Friedberg part of UltimateBet from the beginning
Daniel Friedberg’s long history with UltimateBet dates all the way to the company’s startup. At the time Greg Pierson was a traveling lumber-company rep with an idea for an online site similar to some of the first such sites ever launched, including Planet Poker, PartyPoker, Paradise Poker and others. Pierson played poker himself, and a chance meeting with a friend of Phil Hellmuth’s at a poker table at a riverboat casino in Dubuque, Iowa led to Pierson making investment pitches to two Wisconsin-based pros, Hellmuth and Duane “Dewey” Weum.
Weum actually became the first poker pro to invest in Pierson’s startup, signing the deal at a meeting with Pierson at a Stoughton, Wisconsin restaurant. Hellmuth signed up as an investor soon after, and that’s where Friedberg entered the UB tale. Friedberg, like Hellmuth, attended the University of Wisconsin-Madison, and he was, at the time, Hellmuth’s business attorney.
UltimateBet wasn’t an overnight success and the company nearly failed at least twice early on. In the first instance, the initial investment money ran out. Hellmuth and Weum used their poker-world connections to bring on many other pro players, including Hamilton and his business partner, Mansour Matloubi, as investors.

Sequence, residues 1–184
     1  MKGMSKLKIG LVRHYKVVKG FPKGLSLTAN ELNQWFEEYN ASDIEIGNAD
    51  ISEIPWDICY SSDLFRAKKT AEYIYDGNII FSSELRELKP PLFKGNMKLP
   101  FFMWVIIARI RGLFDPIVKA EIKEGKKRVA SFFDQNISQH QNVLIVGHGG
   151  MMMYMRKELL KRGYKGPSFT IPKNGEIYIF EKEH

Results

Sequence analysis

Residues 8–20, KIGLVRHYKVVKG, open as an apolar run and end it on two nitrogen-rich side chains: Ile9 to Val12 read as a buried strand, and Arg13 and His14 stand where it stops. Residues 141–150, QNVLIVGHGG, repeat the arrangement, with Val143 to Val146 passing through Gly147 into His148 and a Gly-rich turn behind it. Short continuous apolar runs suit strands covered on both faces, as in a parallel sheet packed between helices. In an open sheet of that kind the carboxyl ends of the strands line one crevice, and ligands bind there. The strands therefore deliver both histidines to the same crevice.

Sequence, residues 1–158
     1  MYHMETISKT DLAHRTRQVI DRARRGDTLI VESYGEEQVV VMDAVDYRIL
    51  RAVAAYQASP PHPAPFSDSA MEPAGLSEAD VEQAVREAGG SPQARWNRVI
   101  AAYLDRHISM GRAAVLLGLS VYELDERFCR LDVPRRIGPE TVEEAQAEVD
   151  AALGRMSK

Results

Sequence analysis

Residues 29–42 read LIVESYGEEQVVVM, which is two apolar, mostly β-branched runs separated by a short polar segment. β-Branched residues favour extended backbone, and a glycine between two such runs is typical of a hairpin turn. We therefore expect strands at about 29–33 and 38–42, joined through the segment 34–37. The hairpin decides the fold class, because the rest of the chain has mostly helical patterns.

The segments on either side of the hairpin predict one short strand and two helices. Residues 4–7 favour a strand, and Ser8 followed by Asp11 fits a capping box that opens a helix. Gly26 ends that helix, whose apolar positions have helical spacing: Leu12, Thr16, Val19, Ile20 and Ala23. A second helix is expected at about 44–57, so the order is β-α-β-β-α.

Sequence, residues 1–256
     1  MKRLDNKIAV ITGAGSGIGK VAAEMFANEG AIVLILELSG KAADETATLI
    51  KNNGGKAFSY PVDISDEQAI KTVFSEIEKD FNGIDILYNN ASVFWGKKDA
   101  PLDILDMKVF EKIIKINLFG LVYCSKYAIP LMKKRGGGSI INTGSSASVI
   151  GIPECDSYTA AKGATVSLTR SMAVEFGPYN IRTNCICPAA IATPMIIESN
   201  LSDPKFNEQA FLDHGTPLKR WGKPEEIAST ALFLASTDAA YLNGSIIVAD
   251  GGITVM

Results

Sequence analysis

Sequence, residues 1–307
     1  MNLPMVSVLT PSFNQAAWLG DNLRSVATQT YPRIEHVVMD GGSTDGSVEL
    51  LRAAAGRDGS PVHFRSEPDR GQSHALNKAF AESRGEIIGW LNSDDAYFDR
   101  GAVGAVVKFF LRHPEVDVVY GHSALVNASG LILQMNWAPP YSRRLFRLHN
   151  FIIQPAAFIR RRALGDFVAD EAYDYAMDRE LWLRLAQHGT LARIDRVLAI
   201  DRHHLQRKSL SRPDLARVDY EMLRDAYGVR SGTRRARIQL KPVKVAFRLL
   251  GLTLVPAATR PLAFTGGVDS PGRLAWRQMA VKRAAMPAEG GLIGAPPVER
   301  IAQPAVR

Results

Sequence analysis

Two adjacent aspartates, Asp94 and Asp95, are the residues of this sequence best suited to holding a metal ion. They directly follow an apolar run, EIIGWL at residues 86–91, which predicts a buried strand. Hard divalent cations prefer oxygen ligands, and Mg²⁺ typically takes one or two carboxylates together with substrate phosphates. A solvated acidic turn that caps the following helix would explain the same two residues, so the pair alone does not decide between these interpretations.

The second near-failure of UB occurred when the site was riddled by extensive credit-card fraud during its first year or so of operations. That led parent company ieLogic to develop an antifraud software suite called ieSnare that was so effective that the company was able to license it to other online concerns. ieLogic later split into two concerns, with iovation in charge of the software matters and Excapsa created to run the poker business. Friedberg (who had parlayed his Hellmuth connection into a full-time role with ieLogic, including an ownership slice) along with Hoegner and others, was involved in all of it, including the Canada-registered Excapsa Friedberg created as the shell company in 2004 to front the $100 million London Stock Exchange IPO.
The credit-card fraud problems nearly killed UB, but the darkest part of the story involved Pierson and Hamilton. In early 2003, Pierson’s wife, Janelle, was discovered to have been involved in a year-long affair with a 16-year-old student at the school where she taught. Pierson disappeared from the ieLogic offices and could not be reached for over a week, later turning up in Costa Rica. It emerged some time later that around this time, Hamilton made a sizeable personal loan to Pierson, who may have been facing legal expenses related to his wife’s affair, if not additional civil-settlement exposure.